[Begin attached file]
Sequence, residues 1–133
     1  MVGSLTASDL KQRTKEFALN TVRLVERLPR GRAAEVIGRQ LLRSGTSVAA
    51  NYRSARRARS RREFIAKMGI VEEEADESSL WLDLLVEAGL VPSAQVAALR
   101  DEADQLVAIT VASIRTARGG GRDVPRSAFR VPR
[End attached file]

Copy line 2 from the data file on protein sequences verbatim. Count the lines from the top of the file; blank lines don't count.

     1  MVGSLTASDL KQRTKEFALN TVRLVERLPR GRAAEVIGRQ LLRSGTSVAA